The Seperation of Powers in Ireland

Topics: Separation of powers, Judiciary, Legislature Pages: 5 (1998 words) Published: November 3, 2013
Seperation of Powers in Ireland

Section 1- Introduction
The Constitution regulates the structure and functions of the principle organs of the government and also regulates the relationship between these institutions by setting out the balance of power between them. The constitution does this by means of the separation of powers between the three branches of government – the legislature, the executive and the judiciary. Montesquieu divided the powers of government into three this is known as the triplet division. The Irish government advocates a tripartite separation of power involving: 1. The legislature – which function is the making of new laws and the alteration of repeal of existing ones. In Ireland the legislative organ of state is the Oireactas. 2. The executive - which function is the general administration of the state including the framing of policy this function is preformed by the government. 3. The judicial - which function consists of the interpretation of laws and there application to the facts of pacific cases. This function within the state is exercised by independent courts. However a complete separation of powers in the sense of a distribution of the three differing functions among three independent organs of the government with no co-operation would bring the government to a halt. There must be some interaction if a fair government is to continue. The doctrine does not forbid co-operation provided that each organ operates only in its area of competence and authority. The courts tend to be most protective of their own function and will not countenance interference with their expertise.

Section 2- The Legislature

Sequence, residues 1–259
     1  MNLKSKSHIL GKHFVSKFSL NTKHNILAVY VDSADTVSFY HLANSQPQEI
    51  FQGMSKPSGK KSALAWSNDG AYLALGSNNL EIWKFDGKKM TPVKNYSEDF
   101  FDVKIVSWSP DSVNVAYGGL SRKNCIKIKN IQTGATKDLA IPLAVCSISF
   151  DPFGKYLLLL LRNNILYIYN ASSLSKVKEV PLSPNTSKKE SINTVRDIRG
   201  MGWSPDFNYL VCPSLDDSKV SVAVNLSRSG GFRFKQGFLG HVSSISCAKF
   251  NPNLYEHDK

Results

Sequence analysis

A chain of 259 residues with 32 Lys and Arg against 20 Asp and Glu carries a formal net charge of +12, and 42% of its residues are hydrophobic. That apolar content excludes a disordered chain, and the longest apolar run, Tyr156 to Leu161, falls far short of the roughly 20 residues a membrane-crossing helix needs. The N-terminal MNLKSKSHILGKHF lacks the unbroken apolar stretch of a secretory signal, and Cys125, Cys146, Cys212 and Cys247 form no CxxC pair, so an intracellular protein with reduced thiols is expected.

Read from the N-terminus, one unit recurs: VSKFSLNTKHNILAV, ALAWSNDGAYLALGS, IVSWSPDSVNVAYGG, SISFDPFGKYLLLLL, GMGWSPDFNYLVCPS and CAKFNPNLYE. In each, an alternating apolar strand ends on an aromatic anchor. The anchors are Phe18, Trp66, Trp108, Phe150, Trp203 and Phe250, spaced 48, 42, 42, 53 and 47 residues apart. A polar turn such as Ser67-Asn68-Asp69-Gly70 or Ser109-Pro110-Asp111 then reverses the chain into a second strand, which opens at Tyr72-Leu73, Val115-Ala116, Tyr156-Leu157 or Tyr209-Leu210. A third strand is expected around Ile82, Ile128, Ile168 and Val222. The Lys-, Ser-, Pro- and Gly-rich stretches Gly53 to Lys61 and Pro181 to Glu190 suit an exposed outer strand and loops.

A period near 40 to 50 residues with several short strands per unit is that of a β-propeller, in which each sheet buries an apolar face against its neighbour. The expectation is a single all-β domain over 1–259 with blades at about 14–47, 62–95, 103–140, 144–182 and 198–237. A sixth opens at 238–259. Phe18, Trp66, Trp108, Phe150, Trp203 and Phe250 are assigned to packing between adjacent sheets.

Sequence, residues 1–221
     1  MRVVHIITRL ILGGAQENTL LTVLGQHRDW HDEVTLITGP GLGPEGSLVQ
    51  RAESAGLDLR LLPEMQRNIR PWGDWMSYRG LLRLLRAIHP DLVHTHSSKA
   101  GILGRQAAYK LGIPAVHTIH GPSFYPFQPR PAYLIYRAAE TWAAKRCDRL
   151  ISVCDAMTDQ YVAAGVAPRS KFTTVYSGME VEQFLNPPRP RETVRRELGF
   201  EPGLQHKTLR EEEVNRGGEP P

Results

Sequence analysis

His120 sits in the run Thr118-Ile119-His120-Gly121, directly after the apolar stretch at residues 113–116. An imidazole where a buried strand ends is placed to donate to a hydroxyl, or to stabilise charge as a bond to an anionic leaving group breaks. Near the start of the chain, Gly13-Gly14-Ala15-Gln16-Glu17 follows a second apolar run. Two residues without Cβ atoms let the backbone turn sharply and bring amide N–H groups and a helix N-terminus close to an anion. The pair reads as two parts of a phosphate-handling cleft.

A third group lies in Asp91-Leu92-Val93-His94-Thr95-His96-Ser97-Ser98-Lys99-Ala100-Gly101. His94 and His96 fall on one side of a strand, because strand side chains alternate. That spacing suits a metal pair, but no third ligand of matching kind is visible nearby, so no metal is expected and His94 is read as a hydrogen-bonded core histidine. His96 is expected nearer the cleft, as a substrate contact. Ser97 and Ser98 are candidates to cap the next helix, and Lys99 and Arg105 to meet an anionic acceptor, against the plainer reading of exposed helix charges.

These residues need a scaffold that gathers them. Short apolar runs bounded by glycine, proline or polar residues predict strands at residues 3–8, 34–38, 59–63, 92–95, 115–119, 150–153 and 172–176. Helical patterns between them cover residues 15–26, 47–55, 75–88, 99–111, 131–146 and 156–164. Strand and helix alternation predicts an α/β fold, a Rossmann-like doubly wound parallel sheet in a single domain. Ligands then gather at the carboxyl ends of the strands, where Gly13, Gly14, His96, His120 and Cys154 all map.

“The legislative power, concerned with making laws, is the province of the National Parliament, the Oireachtas, consisting of the President, Dail Eireann and Seanad Eireann.” (Doolin 2007, p.14) There are five stages in Statute law making. “All primary legislation I.e. Acts of the Oireachtas start life as Bills, which are proposals for legislation. Bills can be introduced in either the Dail or Seanad and there are five stages in considering a Bill. Once the Bill has been passed by both houses, the Taoiseach presents a vellum copy of the Bill, prepared in the Office of the House of the Oireachtas to the President for the signature and promulgation as a law. The signed text is then enrolled for record in the Office of the Registrar of the Supreme Court.” The President is head of state “[He] shall take precedence over all other persons in the State..” (The Constitution of Ireland) .He/she is nominated by at least twenty members of the Dail and/or the Senate and is elected by the people of Ireland. He appoints the Taoiseach and with approval of the Dail, he appoints the other members of the Government. The President serves a seven year term and may serve two terms but no more than that. The Presidents function is “the Guardian of the Constitution” .Therefore, it is within their power to make sure that the proposed Bill does not go against any part of the Constitution, and if it does, refuse to pass it. “A Bill becomes law from the day it is signed by the President unless a contrey intention appears from the Bill. This date is printed in the statute after the introduction.” (Doolin 2007, p.28) Dail Eireann and Seanad Eireann are the two houses of the Oireachtas. Dail Eireann consists of 166 Tds (or deputies) representing 43 constituencies. These TDs are elected directly by the people of Ireland. The Dail and the Senate are said to have equal legislation power, but there are three different situations in which the Dail can overrule. “The first of these cases is Art.23, which provides that, if there is a disagreement between the two Houses, the Dail can overrule the Senate simply by passing a resolution. The...
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